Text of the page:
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BVB came close to one of the greatest comebacks in Champions League history by beating Real Madrid 2-0 — and in the process demonstrated why it is such a loved side.

When Borussia Dortmund slumped to a 3-0 defeat to Real Madrid in Spain, it seemed the team that had enraptured Europe last season was long gone. The stars who had led BVB to the final 12 months ago had left, succumbed to injury or regressed.

The second leg was an apt demonstration of just what Dortmund can do. After a trying season for everyone concerned, BVB rediscovered its magic as it claimed a 2-0 win — and went close on countless other occasions to forcing extra time. Not quite enough, but a heroic effort nonetheless.
MATCH FACTS | Dortmund 2-0 Madrid

 Shots
 On Target
 Possession
 Corners
 Bookings
 Red cards
BVB
12
6
50%
4
3
0
MADRID
10
5
50%
2
5
0


Perhaps the wonderful thing about Dortmund is the way it is constantly on the verge of either failure or glory. Within minutes of the first whistle, Lukasz Piszczek conceded a penalty after handling a left-wing cross. If Angel Di Maria had scored, the tie would probably have been dead, but Roman Weidenfeller stood tall to push the ball to safety.

Then came the "heavy metal" soccer that has defined Jurgen Klopp's team over the years. BVB poured forward in blurs of black and yellow, hassling the Madrid players from the front, forcing two goals — both brilliantly taken by Marco Reus.

The comeback, which had seemed impossible, was on. And Dortmund didn't even have the majority of its first team on the field. Neven Subotic, Marcel Schmelzer, Ilkay Gundogan, Sven Bender and Jakub Blaszczykowski were all missing due to injury. The reserves — Manuel Friedrich, dragged out of retirement earlier this season, and Oliver Kirch, who has barely played all season — were taking on the Galacticos.

Given the frantic pace at which Dortmund played the game, it conceded a fair number of chances, but Mats Hummels was indomitable at the back, making a particularly impressive tackle on Karim Benzema when he had an empty net to aim for. When he was beaten, Weidenfeller came to the rescue.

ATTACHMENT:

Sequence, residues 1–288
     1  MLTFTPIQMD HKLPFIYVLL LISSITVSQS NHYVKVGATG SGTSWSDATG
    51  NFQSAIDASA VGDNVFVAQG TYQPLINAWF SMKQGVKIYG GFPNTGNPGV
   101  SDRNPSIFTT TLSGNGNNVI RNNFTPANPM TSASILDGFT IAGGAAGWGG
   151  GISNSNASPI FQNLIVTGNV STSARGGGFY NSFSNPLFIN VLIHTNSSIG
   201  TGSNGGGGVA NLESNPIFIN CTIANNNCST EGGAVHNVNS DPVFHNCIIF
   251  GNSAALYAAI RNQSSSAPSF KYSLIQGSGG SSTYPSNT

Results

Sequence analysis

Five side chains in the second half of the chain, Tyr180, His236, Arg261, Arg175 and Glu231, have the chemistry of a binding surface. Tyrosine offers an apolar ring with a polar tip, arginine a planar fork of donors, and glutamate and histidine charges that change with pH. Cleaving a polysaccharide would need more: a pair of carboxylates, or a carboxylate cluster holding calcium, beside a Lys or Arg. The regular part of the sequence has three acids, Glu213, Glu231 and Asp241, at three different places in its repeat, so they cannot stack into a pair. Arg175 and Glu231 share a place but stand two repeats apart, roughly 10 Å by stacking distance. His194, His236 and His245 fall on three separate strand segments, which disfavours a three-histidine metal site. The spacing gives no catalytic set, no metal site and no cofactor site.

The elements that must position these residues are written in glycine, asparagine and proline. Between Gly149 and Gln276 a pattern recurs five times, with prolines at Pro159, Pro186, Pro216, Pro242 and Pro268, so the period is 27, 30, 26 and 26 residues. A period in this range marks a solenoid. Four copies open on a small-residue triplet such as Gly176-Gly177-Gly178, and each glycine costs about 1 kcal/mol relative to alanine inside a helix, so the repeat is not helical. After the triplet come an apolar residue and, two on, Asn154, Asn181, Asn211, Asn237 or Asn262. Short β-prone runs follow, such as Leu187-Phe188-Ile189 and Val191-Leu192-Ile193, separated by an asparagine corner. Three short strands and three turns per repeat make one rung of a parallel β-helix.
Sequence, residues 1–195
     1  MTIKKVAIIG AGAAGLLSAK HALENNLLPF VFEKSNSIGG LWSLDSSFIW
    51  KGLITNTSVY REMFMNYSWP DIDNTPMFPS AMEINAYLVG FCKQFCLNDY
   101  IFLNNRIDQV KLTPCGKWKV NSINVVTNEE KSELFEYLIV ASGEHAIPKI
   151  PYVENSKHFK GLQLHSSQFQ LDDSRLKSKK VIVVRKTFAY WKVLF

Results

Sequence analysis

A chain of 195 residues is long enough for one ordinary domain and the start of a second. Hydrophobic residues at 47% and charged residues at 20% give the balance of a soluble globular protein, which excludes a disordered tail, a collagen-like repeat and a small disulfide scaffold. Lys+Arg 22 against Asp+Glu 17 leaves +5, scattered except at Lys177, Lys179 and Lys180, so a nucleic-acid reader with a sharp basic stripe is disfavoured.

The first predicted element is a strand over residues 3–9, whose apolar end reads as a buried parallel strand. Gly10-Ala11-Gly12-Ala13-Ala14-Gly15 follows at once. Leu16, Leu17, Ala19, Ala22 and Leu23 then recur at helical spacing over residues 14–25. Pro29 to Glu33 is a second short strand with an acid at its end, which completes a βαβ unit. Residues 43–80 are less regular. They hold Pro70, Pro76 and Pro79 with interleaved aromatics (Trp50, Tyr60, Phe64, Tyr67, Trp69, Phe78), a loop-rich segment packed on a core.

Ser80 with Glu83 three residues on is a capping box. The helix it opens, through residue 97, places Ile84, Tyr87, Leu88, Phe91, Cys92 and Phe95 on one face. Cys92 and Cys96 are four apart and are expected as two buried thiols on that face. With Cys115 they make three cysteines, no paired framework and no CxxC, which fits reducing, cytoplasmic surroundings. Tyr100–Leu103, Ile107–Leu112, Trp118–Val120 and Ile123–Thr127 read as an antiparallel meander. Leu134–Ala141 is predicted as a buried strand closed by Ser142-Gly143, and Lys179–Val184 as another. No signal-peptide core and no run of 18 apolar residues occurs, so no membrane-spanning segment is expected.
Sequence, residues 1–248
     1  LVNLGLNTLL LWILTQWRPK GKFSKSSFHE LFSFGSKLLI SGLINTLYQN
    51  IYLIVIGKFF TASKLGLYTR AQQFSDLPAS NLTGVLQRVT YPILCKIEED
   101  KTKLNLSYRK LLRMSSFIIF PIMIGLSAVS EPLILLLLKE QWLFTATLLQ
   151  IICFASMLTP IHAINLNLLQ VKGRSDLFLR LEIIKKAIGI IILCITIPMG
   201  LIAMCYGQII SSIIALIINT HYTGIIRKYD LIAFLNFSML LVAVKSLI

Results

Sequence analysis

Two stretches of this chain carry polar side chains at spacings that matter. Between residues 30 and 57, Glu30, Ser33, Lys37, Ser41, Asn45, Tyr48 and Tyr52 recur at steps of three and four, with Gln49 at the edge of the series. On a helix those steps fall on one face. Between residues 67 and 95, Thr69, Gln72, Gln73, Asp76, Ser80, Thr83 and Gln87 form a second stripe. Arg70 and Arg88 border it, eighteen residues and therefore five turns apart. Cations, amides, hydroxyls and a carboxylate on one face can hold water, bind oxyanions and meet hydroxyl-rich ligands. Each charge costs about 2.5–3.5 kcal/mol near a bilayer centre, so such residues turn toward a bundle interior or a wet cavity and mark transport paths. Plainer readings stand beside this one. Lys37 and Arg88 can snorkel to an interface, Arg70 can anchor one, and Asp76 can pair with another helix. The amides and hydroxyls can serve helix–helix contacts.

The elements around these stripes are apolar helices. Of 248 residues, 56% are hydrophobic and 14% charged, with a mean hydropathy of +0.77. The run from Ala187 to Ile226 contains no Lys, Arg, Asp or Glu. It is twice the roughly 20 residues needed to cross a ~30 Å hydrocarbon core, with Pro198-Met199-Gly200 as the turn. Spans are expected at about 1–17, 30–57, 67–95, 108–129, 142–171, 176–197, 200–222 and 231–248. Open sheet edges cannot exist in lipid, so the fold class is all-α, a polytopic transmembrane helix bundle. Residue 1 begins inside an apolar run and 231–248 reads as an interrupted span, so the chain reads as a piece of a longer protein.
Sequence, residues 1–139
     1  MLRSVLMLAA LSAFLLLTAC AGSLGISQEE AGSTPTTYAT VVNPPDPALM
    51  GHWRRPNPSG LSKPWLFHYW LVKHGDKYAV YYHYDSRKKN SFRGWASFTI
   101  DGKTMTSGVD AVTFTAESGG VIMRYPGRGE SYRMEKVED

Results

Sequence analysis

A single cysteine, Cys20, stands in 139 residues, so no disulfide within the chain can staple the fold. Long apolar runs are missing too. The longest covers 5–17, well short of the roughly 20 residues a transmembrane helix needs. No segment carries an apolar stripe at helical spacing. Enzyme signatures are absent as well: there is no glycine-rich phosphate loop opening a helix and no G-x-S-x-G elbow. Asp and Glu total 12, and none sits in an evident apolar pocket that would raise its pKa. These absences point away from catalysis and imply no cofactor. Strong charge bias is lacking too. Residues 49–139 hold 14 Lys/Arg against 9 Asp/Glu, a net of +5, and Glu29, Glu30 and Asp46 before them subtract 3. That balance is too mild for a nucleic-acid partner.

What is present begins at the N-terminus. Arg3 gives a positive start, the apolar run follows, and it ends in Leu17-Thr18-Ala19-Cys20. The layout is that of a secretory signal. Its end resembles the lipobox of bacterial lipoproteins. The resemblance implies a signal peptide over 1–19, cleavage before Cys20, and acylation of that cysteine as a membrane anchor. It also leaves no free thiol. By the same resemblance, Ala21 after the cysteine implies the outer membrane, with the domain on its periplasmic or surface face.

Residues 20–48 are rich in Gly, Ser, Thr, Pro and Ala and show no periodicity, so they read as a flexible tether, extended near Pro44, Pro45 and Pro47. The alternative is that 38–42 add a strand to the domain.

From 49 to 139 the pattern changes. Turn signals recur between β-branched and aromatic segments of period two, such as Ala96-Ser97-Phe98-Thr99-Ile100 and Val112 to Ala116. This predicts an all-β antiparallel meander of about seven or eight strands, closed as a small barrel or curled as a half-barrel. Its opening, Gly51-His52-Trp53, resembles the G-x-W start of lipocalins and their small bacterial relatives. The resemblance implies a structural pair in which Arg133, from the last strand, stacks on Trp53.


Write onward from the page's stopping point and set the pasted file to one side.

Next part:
Dortmund will come away with regrets, of course. BVB missed a number of clear-cut opportunities to score an away goal in the first leg, but was missing the suspended Robert Lewandowski, the star striker who had famously dumped Madrid out of the competition last year.

Even on the night, when Dortmund's players played out of their skins and had Carlo Ancelotti's side well and truly rattled, they fluffed their lines. Henrikh Mkhitaryan missed a glorious opening in each half, while Iker Casillas made a brilliant save to deny Kevin Grosskreutz.

But, for the casual observer, this is what soccer should be. A team of young players who have grown up and developed together, a refreshing change from the ludicrous amounts of cash thrown away on world-class talent in the modern game.

Dortmund plays for the shirt, has an animated coach on the touchlines and a unique stadium that produces one of the best atmospheres in Europe. BVB was the underdog and had no right to rattle the nine-time European Cup winner Tuesday.

Perhaps Hummels himself sums it up best. "I am conflicted. We had en evening you don't forget fast. We could have produced one of the biggest sensations in football — now it was just an awesome evening. This team shows what it has to offer every year."

Madrid may have scraped through the tie, but the hearts and minds belong to BVB.

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